Shannon et al., 2007 [25] Canada (Vancouver) Cross-sectional 2004 198 female sex workers (trans inclusive) HIV prevalence (26%)   HIV infection was positively associated with early (< 18 years of age) sex work initiation (aOR 1.8, 95%CI 1.3–2.2), Aboriginal ethnicity (aOR 2.1, 95%CI 1.4–3.8), daily cocaine injection (aOR 2.2, 95%CI 1.3–3.5), daily crack smoking (aOR 2.7, 95%CI 2.1–3.9), and unprotected sex with intimate partner (aOR 2.8, 95%CI 1.9–3.6).  
Shannon et al., 2009 [60] Canada (Vancouver) Cross-sectional Apr-Sept 2006 205 female sex workers (trans inclusive)   Pressured into unprotected sex by client Client condom refusal was positively associated with sharing a crack pipe with client (aOR 2.5, 95%CI 1.06–2.49) and client violence (aOR 2.08, 95%CI 1.06–4.49) Client condom refusal was positively associated with working in outdoor/public spaces (aOR 2.00, 95%CI 1.65–5.73), having a workplace zoning restriction from prior charges (aOR 3.39, 95%CI 1.00–9.36), and policing-related displacement (aOR 3.01, 95%CI 1.39–7.44)
Sou et al., 2015 [85] Canada (Vancouver) Cross-sectional 2010–2013 182 migrant female sex workers (trans inclusive)   Inconsistent condom use by client   Inconsistent condom use by clients was positively associated with difficulty accessing condoms (aOR 3.76; 95%CI 1.13–12.47); and inversely associated with servicing clients indoors (aOR 0.34, 95%CI 0.15–0.77) and education (aOR 0.22, 95%CI 0.09–0.50)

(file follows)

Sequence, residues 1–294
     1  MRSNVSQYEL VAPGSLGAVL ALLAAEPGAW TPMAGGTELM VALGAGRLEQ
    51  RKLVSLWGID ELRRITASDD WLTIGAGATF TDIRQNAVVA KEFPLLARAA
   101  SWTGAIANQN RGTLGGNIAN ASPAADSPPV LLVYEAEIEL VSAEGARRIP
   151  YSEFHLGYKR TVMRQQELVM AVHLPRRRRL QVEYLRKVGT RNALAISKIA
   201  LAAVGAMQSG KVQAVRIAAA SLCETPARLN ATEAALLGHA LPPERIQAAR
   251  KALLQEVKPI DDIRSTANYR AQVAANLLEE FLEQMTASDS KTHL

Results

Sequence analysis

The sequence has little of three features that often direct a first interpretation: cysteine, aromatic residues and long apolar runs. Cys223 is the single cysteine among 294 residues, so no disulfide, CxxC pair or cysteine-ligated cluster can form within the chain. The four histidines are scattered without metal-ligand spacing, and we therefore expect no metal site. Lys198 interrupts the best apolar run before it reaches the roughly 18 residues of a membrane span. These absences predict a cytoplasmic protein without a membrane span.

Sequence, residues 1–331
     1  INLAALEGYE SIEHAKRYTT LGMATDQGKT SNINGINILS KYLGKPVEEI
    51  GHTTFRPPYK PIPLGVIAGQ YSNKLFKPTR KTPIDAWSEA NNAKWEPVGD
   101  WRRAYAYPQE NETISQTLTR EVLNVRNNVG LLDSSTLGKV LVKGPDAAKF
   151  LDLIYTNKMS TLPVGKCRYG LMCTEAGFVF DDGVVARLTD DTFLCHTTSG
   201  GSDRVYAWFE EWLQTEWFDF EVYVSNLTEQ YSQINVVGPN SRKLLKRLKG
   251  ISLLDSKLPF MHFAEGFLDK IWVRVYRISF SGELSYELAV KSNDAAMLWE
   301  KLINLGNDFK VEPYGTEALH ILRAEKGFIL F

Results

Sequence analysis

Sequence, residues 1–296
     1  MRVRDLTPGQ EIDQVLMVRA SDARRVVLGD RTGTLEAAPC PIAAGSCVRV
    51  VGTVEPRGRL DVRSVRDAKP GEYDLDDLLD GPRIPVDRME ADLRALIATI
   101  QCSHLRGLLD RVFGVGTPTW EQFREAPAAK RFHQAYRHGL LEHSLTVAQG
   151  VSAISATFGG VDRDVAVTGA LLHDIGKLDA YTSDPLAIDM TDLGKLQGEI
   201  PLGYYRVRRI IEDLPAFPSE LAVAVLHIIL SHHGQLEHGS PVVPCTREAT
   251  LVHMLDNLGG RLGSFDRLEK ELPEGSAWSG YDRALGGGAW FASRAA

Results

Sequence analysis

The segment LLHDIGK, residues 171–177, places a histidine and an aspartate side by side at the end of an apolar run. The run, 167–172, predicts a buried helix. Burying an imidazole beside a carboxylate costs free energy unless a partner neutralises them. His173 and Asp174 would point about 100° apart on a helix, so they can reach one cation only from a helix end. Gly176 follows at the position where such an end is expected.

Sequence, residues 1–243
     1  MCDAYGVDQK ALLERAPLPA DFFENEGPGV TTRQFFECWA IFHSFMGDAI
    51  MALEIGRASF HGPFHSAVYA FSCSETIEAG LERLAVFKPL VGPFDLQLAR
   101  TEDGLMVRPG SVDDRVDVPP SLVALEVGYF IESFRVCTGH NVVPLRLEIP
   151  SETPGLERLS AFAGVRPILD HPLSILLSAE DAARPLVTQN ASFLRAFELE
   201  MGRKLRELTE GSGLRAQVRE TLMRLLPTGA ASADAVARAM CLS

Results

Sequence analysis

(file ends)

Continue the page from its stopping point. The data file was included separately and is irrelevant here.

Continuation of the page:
Surratt et al., 2012 [49] USA (Miami, Florida) Cross-sectional 2006–2010 562 female sex workers (drug users)   Unprotected vaginal sex Unprotected sex was positively associated with age (aOR 1.03, 95%CI 1.01–1.05) and client violence (aOR 1.82, 95%CI 1.22–2.72)  
Surratt et al., 2012 [35] USA (Miami, Florida) Cross-sectional 2007–2010 562 female sex workers (drug users) HIV prevalence   HIV prevalence was positively associated with early initiation into sex work before age 18 (aOR 2.10, 95%CI 1.25–3.54) HIV prevalence was positively associated with history of foster care (aOR 3.68, 95%CI 1.62–8.35)